Sapiens: A Brief History of Humankind by Yuval Noah Harari. Harari asks how Homo sapiens evolved from an unexceptional savannah-dwelling primate to become the dominant force on the planet.

The Sympathizer by Viet Trang Nguyen won the 2016 Pulitzer Prize for fiction. It describes a Viet Cong agent undercover with the Republic of Vietnam forces and the US military. He is bi-racial, with a Vietnamese mother and a French GI father, making him a “man of two minds”. He escapes after the Fall of Saigon, and lives in the Vietnamese refugee community in LA, while secretly reporting back to his communist superiors in Vietnam.

The First Congress by Fergus M. Bordewitch. America’s beginnings have been enjoying new popularity. The play “Hamilton” shows that better than any book. This interest has been sparked by a recognition that the American Revolution was a beginning, not an ending, of the story of our nation. And today, we need big ideas and role models more than ever.

The Populist Explosion by John Judis. Did an unstoppable wave of Populism give us Donald Trump? This is a 184 page book that may tell us.

The Undoing Project by Michael Lewis. Israeli psychologists Daniel Kahneman and Amos Tversky changed our assumptions about decision-making. Their work created the field of behavioral economics, for which Kahneman was awarded the Nobel Prize (Tversky had already died). The book is about their work, their incredibly close relationship, and how it went sideways.

The General vs. The President by HW Brands.

Wrongo just finished this highly readable book. In 1950, South Korea was invaded by the North, and our troops were nearly forced to abandon the peninsula.

Harry Truman was president. After WWII, America was not interested, or able to fight another war. We had demobilized our troops, and had limited numbers of planes, ships and equipment that were combat ready, but the thinking was that holding Korea was necessary to protect Japan from invasion by the Soviets and the Chinese.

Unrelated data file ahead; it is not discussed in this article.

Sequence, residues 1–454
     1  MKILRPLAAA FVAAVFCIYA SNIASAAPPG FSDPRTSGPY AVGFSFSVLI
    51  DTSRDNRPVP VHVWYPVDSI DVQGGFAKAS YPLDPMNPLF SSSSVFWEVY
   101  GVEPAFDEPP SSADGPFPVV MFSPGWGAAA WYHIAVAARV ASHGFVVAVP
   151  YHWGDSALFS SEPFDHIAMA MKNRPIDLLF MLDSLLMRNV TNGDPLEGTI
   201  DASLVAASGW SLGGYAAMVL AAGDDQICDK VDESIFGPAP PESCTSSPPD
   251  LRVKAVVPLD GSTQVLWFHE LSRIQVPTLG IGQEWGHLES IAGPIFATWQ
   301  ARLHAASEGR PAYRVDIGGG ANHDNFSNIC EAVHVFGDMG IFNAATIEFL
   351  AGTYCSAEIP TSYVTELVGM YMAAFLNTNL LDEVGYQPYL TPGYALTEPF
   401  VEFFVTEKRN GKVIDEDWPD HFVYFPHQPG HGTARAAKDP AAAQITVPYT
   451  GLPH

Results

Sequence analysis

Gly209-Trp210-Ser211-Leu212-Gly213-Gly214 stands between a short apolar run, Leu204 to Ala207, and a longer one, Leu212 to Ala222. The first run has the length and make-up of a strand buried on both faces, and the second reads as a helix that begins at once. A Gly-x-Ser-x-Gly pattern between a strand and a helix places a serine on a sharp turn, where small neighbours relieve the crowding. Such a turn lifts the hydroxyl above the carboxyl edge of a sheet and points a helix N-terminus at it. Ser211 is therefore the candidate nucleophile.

General MacArthur was the greatest military hero of his time, and was in charge of America’s interests in Asia. In the Korean conflict, he had an early brilliant success, launching a counter-attack against the North Koreans at Inchon that led to the North Koreans being completely routed. MacArthur pursued them into North Korea, all the way to the Chinese border. China saw MacArthur on their border as an existential threat, and joined the conflict in huge numbers, pushing the allied forces back again into the south.

MacArthur had constantly lobbied (and actually took steps) to extend the war into China. He based that on advising Truman that the Chinese would never enter the war. He further insisted that the battle against communism should be fought in Asia, while Truman and the administration felt certain that the real trouble spot was Europe. We had already engaged Russia in the Berlin airlift in 1948. In fact, the CIA had warned that:

The Soviet Union may seize upon the present crisis [Korea] to precipitate general war with the United States.

MacArthur offered an unauthorized ceasefire to the North Koreans while threatening the alternative of nuclear war with China. He wanted to use Taiwan’s military to help defeat China’s troops in Korea, which would have left Taiwan unprotected, and would have re-started the war between the mainland and Taiwan that had just ended in 1949. He also wrote an inflammatory letter to a Republican congressman, contradicting his Commander in Chief’s strategy for Korea.

His actions caused his firing in April, 1951. Afterward, Truman came under withering attack from Republicans. MacArthur was hailed as a hero. He addressed a joint session of Congress, and had ticker tape parades all across the US. But, at Congressional hearings called to justify Truman’s strategy, the tide gradually turned against MacArthur.

The author does a fantastic job sourcing now de-classified portions of the hearings to demonstrate the danger in MacArthur’s ideas. Because of the hearings, all in Congress finally understood what America was facing globally, how ill-prepared we were at the time, and the folly of MacArthur’s plans.

MacArthur flirted with running for president, and Truman was weakened after his 1948 election. So MacArthur moved to kill the king. He called Truman an appeaser, someone who did not understand the global threat of communism. Truman did not run for reelection.

Eisenhower became president in 1952, having pledged to bring peace on the Korean peninsula.

Today, Truman is vindicated, and is considered a near-great president, while MacArthur is viewed as a brilliant military man who let politics ruin him.

Read the book!

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What Can Vietnam’s Success Teach Us?